How Nairobi DJ was saved from near fatal herbal trouble

By Gatonye Gathura

A 35 year-old male DJ, was recently admitted at a Nairobi private hospital with some pains in the left arm, jaundice and general body weakness.

Little did he suspect how big a trouble he was in. The jaundice, yellow discoloration of the eyes, and other preliminary symptoms sent doctors searching for liver trouble.

“But the man had a pretty clean medical history,” says a doctors’ report which does not disclose the patient’s name for ethical reasons.

He did not have a significant medical history, prior liver trouble and neither liver disease in the family.

He however owned to some previous significant dalliance with the bottle but not in the last six months to the hospitalization.

He had not used prescription or over the counter medications in recent months.

“He worked as a disc jockey and was an avid weight-lifter,” shows the report.

Importantly though the two doctors who observed him say every day he had been taking a body building herbal diet supplement for the past one year.

Dr Edna Kamau a physician and lecturer at the University of Nairobi and Dr Eric Mugambi, a clinician, report their experience with Mr DJ in the East African Medical Journal.

A physical examination of the liver showed further signs of jaundice. Further tests including from a biopsy showed signs of hepatitis but with no conclusive cause.

“Our patient was at risk of developing acute liver failure,” explain the duo.  Acute liver failure is loss of its function and can be life threatening.

After more extensive examinations the doctors suspected the herbal supplement as the cause of their patient’s liver problem and advised its withdrawal.

“After the withdrawal the patient experienced rapid and complete recovery,” says the study.

Six months later, without any herbal supplement, the DJ shows no symptoms of liver disease and the organ has returned to normal function.

Unregulated herbal dietary supplements, the doctors say are becoming a major health concern to local clinicians.

“There are numerous reports of liver injury from bodybuilding products, some shown or suspected to contain anabolic steroids.”

Anabolic steroids are compounds which are increasingly being used for muscle building but sometimes with serious side effects.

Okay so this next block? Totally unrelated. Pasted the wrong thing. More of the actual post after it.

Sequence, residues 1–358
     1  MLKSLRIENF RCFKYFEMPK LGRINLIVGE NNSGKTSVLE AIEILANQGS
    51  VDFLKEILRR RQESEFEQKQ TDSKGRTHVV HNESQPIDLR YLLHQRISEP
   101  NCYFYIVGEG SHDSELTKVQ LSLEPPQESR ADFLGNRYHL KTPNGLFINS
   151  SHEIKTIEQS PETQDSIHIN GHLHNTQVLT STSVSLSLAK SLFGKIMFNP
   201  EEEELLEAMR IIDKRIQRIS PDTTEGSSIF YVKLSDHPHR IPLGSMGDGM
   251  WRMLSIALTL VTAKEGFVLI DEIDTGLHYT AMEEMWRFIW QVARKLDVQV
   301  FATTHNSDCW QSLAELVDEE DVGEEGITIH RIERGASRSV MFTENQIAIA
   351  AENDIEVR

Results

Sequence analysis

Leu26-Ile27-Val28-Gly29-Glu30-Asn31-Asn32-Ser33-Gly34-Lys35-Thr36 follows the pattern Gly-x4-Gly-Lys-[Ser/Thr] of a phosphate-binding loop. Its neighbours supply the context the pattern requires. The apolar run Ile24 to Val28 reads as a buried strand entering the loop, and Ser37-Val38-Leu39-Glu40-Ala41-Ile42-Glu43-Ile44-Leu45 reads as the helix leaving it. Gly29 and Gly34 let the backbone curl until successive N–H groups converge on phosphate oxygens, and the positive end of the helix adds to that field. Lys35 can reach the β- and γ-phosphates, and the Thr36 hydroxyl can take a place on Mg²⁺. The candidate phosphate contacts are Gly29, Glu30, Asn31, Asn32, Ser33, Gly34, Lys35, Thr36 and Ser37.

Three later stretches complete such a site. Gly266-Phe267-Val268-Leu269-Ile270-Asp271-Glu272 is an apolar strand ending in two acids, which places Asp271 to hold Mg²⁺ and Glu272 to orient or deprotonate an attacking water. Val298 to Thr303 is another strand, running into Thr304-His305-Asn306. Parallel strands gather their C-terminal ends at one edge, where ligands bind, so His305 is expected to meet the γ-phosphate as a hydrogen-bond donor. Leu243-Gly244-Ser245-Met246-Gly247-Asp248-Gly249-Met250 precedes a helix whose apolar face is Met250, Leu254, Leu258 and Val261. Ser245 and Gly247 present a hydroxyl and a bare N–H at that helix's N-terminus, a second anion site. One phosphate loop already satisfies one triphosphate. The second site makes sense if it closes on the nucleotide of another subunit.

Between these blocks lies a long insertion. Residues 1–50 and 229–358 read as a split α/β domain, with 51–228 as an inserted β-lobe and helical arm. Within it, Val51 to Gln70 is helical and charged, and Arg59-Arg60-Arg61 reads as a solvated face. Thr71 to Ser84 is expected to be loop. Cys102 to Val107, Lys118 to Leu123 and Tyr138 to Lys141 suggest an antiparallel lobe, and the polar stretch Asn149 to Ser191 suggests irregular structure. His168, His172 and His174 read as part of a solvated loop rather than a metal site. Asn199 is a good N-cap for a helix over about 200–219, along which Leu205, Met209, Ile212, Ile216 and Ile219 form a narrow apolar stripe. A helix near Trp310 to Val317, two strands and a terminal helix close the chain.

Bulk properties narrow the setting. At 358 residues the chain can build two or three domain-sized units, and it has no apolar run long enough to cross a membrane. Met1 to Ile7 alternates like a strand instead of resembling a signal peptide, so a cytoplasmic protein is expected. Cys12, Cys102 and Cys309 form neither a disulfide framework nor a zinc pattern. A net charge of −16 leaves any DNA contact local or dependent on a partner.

The report says locally the problem is compounded by the presence of many types of food dietary supplements whose contents cannot be verified for safety.

“This case adds to the growing evidence of liver injury due to herbal dietary supplements.”  But given the current lax regulatory nature of the market the doctors advise enthusiasts of herbal dietary supplements to be cautions.

A three phase study on the safety of nutrition supplements and herbal products marketed in Kenya completed in Auguts showd most to be highly contaminated.

The  studies by the Kenya Medical Research Institute showed most of the products to be contaminated with life threatening toxins.

In a joint effort to address the problem the Pharmacy and Poisons Board and Kenya Bureau of Standards now require all such products be inspected for safety at the country of origin.

Statting from September, this year it is a requirement that all imported supplementary health products including foods, cosmetics, herbs and other borderline products meet stringent quality standards.

Such products are now required to carry an official mark of safety indicating they meet local standards.

Any goods entering into the country without a certificate of compliance, the board says will be confiscated and disposed.

The rise of the wellness supplements market in Kenya, medical experts say is being driven by the increasing health consciousness among the people.

Facebook Comments
Share Button

Leave a Reply

Your email address will not be published.